At a Ramadan dinner at the White House last night, President Obama came out in support of the Cordoba House cultural center:
But let me be clear: as a citizen, and as President, I believe that Muslims have the same right to practice their religion as anyone else in this country. That includes the right to build a place of worship and a community center on private property in lower Manhattan, in accordance with local laws and ordinances. This is America, and our commitment to religious freedom must be unshakeable. The principle that people of all faiths are welcome in this country, and will not be treated differently by their government, is essential to who we are. The writ of our Founders must endure.
We must never forget those who we lost so tragically on 9/11, and we must always honor those who have led our response to that attack â€“ from the firefighters who charged up smoke-filled staircases, to our troops who are serving in Afghanistan today. And let us always remember who we are fighting against, and what we are fighting for. Our enemies respect no freedom of religion.
I’m far from the first person to note that parts of the American Right come across as the American Taliban. Really, the most extreme of the whackjobs are just mirror images of the jihadists they oppose. If they are not as viscous and destructive as the Taliban it’s only because they know they’d do jail time if they got caught.
As you might imagine, this story triggered a paroxysm of Obama hate on the right blogosphere. They are certain more than ever that the “ground zero mosque” is just part of Obama’s plot to turn America over to the Caliphate.
If you think about it, U.S. history is mostly a struggle over who we are. The Founders launched the country with all of the highest ideals of the Enlightenment, yet they lacked the spine to abolish slavery or even free their own slaves. And from then on, we’ve gone through one spasm of racial violence and xenophobia after another — against African-Americans; native Americans; Catholics; Jews; Irish and eastern European immigrants; ethnic Chinese, both immigrant and native born; German Americans during World War I; Japanese Americans during World War II; etc. etc. Later generations look at the raging ignorance of their forebears and recognize that it was wrong. And then they pick a new group to victimize.
So, once again, we are challenged to determine who we are. Are we the idealists who respect liberty and the rule of law? or are we the brainless mob driven to destroy whatever it is we hate and fear?
And if any righties stumble onto this site and are reading this: The people who are trying to stop the building of Cordoba House are the brainless mob. The people who support it are the freedom-loving idealists. Keep that straight.
Ever since the Bill of Rights was ratified in 1791, religious conservatives have tried to get around the very first provision in it — Congress shall make no law respecting an establishment of religion, or prohibiting the free exercise thereof. “Establishment of religion” was understood to mean making any one religion the official state religion. Thus, Congress may not write laws that favor one religion over another, and the due process clause of the 14th Amendment extended this restriction on the power of government to the states (per Gitlow v. New York, 268 U.S. 652  and other SCOTUS decisions) and any government chartered by a state.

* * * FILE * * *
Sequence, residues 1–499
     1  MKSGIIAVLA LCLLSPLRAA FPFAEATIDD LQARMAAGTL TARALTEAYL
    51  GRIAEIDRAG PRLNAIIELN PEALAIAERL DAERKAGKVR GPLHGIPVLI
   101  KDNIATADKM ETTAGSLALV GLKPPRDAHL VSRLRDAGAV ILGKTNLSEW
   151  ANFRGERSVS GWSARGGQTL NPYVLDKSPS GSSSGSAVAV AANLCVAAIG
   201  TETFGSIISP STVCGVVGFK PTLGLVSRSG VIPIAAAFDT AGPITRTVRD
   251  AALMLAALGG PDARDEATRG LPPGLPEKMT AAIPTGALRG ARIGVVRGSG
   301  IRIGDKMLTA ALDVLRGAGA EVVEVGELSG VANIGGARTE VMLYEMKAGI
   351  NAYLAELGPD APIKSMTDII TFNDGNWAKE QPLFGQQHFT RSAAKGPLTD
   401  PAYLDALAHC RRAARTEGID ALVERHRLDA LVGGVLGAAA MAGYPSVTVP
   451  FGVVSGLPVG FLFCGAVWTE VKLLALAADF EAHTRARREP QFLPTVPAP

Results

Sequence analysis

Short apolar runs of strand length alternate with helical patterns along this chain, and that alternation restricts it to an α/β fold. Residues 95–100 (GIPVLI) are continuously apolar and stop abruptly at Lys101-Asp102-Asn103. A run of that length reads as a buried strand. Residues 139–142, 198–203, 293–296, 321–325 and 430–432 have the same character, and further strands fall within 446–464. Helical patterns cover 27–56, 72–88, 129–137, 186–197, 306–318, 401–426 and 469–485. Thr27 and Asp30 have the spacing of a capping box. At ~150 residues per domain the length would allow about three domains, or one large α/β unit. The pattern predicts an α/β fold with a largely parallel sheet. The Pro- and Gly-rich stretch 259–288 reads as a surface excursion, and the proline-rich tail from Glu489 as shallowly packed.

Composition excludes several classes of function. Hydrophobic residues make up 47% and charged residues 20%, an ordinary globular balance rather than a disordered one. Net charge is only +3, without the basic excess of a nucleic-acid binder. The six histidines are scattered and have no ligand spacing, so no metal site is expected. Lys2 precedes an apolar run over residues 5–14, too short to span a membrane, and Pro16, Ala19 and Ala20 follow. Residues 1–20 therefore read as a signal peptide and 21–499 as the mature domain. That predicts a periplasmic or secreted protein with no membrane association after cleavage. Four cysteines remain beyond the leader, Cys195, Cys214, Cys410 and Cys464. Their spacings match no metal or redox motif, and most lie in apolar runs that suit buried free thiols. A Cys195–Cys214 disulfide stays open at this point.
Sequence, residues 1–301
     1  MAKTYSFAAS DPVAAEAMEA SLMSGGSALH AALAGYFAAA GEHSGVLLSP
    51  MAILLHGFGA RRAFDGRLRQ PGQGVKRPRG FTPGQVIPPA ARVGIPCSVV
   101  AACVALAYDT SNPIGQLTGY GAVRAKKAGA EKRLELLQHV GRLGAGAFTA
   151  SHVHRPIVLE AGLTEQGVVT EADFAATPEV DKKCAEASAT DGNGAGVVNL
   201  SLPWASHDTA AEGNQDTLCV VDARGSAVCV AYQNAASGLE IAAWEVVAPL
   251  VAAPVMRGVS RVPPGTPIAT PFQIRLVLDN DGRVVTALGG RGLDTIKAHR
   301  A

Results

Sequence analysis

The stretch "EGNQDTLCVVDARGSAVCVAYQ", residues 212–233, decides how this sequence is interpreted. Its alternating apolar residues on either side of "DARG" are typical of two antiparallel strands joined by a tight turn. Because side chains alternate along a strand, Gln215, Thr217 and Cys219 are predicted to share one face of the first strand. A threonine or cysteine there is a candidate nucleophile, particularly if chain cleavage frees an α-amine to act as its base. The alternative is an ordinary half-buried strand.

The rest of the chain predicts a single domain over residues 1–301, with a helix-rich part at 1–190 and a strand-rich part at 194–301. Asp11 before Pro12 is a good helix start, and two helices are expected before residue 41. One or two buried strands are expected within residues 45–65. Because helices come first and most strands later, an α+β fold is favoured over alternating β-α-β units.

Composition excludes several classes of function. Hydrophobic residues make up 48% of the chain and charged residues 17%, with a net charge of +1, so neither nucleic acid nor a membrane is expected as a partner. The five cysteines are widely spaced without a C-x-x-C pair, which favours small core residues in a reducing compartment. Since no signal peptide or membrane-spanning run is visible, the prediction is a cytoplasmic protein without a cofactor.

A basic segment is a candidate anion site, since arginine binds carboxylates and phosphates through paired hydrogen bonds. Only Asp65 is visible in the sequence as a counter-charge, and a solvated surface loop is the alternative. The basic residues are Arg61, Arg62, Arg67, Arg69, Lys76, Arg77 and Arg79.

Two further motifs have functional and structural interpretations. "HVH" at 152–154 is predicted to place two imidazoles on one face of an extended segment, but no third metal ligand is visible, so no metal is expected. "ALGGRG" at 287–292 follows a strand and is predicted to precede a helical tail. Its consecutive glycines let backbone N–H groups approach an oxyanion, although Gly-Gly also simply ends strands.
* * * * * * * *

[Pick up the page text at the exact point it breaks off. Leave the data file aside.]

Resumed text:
And it’s interesting that this clause is the very first of the rights enumerated in the Bill of Rights. No doubt the founders were already concerned that religious factionalism was going to be a big issue in future America. They also had fresher memories of the religious wars of Europe than we do today.
As several of the Founding Fathers made clear (see, for example James Madison’s Federalist #10) they were concerned that some religious faction could take over the United States government. The First Amendment is our protection that even if followers of one particular religion did take over the White House and Congress, they could not write laws favoring their religion and imposing their beliefs on everyone else.
And for the past 219 or whatever years, American religious conservatives have complained about not being allowed to use government to enforce their religious beliefs and practices, while at the same time expressing fear that if X religious faction became a majority, those people might enforce their religious beliefs and practices.
I mentioned in an earlier post that I remember people speaking against John F. Kennedy for president in 1960 because they believed a Catholic president would take orders from the Vatican and allow the Pope to rule America. Eleanor Roosevelt wrote about this, “What seemed to me most deplorable was not the fact that so many people feared the strength of the Roman Catholic Church; it was that they had no faith in the strength of their own way of life and their own Constitution.â€ (h/t)
Yeah, pretty much. So in their ignorance and fear, the bigots (and y’all haters are bigots, whether you like it or not) form a howling mob to destroy the Bill of Rights, and tell themselves they’re doing it for “freedom.”